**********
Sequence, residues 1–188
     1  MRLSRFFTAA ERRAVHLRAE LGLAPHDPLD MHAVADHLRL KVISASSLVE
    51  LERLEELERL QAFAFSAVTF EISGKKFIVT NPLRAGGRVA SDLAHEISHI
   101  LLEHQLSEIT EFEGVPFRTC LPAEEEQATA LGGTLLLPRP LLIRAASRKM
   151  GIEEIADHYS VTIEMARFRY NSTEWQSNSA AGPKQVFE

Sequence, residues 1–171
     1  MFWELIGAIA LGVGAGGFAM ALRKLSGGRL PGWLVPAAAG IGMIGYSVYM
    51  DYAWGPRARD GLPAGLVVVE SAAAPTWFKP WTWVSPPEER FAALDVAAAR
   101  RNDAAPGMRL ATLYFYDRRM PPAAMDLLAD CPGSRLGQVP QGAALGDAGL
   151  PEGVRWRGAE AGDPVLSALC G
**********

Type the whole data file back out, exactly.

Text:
Sequence, residues 1–188
     1  MRLSRFFTAA ERRAVHLRAE LGLAPHDPLD MHAVADHLRL KVISASSLVE
    51  LERLEELERL QAFAFSAVTF EISGKKFIVT NPLRAGGRVA SDLAHEISHI
   101  LLEHQLSEIT EFEGVPFRTC LPAEEEQATA LGGTLLLPRP LLIRAASRKM
   151  GIEEIADHYS VTIEMARFRY NSTEWQSNSA AGPKQVFE

Sequence, residues 1–171
     1  MFWELIGAIA LGVGAGGFAM ALRKLSGGRL PGWLVPAAAG IGMIGYSVYM
    51  DYAWGPRARD GLPAGLVVVE SAAAPTWFKP WTWVSPPEER FAALDVAAAR
   101  RNDAAPGMRL ATLYFYDRRM PPAAMDLLAD CPGSRLGQVP QGAALGDAGL
   151  PEGVRWRGAE AGDPVLSALC G